So much else is wrong with 'The Twin Dilemma'. The Jacondans look stupid; avian humanoids should not be realised by giving them a beak for a nose above an obviously mammalian mouth. Orville would have made a more convincing alien. The sets are awful, horribly tacky affairs littered with day-glow plastic, and in the case of Mestor's throne room a big frog. Peter Moffatt's direction is flat an uninspired, as signposted early on by lingering shots on the twins' equations, possibly a misguided attempt to show that the designer had come up with a funky alternative to numbers. Malcolm Clarke's incidental score isn't bad in places, but it is often both too strident and thoroughly intrusive. I could go on, but frankly I've had enough; 'The Twin Dilemma' is a poor end to Season Twenty-One, and a very poor debut for Colin Baker. Unfortunately, things don't improve much with the first story of the next seasonÂ…

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In the Twin Dilemma, Colin Baker has the following line: “Well, if he really does believe such unimaginable rubbish he must be faced by some unimaginable disaster which has unhinged his mind.” The repetition makes it sound like a line from Plan 9 from Outer Space, but speaking of “unimaginable” disasters, Doctor Who must have been utterly confident at this point to begin a new era with a ranting, bickering, cowering Doctor dressed in that costume. Add to that a slow and barely engaging story, poor production values and music that follows character movements and manages to be as irritating as Colin Baker.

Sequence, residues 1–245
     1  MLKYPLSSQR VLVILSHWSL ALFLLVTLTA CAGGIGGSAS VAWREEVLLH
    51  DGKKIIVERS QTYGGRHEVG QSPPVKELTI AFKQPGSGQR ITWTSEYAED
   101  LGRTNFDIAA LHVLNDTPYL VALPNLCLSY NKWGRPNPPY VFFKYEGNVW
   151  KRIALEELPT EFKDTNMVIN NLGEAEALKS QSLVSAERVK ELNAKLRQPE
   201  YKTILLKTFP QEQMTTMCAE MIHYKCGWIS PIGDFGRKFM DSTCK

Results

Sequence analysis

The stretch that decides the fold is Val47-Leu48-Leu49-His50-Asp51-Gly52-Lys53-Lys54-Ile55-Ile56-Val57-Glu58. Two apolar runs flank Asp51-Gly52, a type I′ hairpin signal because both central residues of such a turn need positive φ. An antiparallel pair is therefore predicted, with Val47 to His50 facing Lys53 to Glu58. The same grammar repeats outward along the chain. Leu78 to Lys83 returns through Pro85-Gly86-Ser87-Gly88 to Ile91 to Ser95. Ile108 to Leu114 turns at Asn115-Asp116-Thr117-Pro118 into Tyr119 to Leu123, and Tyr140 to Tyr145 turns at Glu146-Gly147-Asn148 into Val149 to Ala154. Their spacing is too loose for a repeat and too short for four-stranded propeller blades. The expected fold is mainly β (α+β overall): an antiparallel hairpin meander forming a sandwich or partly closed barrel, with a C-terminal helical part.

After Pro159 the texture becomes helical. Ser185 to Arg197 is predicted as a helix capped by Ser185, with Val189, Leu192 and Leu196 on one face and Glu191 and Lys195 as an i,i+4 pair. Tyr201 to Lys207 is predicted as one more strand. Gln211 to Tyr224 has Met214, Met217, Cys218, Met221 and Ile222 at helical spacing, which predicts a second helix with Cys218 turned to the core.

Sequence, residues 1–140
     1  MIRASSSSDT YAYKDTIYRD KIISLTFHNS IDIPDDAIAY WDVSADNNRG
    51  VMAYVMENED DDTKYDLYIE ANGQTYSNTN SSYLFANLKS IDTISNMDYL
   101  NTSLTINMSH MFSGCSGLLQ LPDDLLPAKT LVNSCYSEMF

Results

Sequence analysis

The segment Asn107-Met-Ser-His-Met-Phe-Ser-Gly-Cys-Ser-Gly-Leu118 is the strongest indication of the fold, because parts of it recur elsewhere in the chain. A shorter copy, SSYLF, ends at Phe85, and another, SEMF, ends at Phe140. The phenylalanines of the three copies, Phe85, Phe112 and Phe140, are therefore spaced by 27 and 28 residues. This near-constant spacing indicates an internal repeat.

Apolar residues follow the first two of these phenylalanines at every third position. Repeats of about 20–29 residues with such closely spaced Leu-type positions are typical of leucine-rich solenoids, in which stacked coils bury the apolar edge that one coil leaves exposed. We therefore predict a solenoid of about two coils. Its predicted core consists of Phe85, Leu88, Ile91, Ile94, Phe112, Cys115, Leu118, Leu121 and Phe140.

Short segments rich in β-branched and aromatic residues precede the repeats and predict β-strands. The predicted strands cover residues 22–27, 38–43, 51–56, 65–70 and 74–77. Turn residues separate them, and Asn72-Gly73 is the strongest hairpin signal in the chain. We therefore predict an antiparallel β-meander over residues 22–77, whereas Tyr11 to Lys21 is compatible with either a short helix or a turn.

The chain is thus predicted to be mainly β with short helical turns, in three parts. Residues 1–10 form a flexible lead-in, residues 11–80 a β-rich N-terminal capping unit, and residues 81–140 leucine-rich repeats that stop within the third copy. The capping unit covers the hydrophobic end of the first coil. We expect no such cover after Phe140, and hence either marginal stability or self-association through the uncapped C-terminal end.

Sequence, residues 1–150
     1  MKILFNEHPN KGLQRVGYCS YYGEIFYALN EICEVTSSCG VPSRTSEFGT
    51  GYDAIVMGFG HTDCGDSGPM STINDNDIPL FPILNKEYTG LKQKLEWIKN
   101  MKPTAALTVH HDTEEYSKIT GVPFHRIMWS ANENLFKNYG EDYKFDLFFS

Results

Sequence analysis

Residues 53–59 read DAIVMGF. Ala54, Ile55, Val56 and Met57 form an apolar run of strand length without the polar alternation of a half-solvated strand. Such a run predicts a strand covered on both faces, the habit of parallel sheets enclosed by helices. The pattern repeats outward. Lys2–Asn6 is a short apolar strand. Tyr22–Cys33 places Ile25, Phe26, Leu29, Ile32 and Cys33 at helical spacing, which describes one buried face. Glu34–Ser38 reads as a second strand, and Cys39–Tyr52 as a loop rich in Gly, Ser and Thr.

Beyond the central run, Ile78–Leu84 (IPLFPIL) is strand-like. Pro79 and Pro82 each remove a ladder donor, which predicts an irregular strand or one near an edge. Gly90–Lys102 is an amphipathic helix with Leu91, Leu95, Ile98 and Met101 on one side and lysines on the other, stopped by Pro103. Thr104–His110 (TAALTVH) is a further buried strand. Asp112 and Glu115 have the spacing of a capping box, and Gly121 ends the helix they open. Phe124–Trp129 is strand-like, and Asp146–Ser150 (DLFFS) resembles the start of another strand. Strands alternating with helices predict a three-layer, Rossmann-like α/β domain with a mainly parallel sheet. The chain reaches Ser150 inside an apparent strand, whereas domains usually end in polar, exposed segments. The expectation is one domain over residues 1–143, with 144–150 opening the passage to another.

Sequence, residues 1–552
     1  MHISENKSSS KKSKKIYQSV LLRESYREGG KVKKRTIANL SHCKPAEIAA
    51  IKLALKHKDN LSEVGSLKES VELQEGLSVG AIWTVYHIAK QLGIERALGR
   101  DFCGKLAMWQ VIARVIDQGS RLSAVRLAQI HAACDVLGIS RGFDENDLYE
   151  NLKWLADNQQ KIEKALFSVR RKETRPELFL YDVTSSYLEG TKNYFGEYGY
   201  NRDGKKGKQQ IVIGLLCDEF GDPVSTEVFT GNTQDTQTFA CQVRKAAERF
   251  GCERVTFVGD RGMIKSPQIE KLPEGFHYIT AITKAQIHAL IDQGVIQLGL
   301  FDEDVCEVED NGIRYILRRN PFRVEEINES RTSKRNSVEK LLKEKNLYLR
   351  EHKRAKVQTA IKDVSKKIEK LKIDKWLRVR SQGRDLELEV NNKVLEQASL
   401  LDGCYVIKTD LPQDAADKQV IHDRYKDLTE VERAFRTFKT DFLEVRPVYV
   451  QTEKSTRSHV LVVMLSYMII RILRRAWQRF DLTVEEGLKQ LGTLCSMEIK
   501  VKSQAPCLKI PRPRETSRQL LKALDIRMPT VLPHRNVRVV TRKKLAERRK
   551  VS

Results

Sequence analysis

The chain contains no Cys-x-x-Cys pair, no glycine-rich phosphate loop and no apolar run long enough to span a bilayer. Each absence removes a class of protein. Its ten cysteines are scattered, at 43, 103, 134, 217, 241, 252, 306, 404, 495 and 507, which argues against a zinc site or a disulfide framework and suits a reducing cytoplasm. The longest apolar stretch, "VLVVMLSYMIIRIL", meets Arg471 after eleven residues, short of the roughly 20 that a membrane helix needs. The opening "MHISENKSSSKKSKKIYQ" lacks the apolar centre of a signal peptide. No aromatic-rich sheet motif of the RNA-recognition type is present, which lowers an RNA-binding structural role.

All I can think is that out of overconfidence (or not particularly caring) the producers allowed one of the worst stories ever at a critical time. The show would never be so confident again. Say what you like about the show being put on hiatus, after that every story at least tried to do something, and we never got anything as bad as this again. 

For a Doctor to have a bad exit is unfortunate, but for an actor in the main role to have such a brutal first outing is disastrous. In this case, as all fans know, they followed a great exit with a horrible beginning: the Davison Doctor left showing great courage in facing his own death, and admirable loyalty in staying dedicated to Peri throughout the previous story. And Caves of Androzani is brilliant for that – by the end, the Doctor is shrugging off literally everything to stay focused like a spotlight on saving his friend. It may have made sense at the time to follow it up with a less dramatic story to provide a break, but the contrast couldnÂ’t be stronger given that the new Doctor cowers in the face of, well, nothing more than slow moving slugs.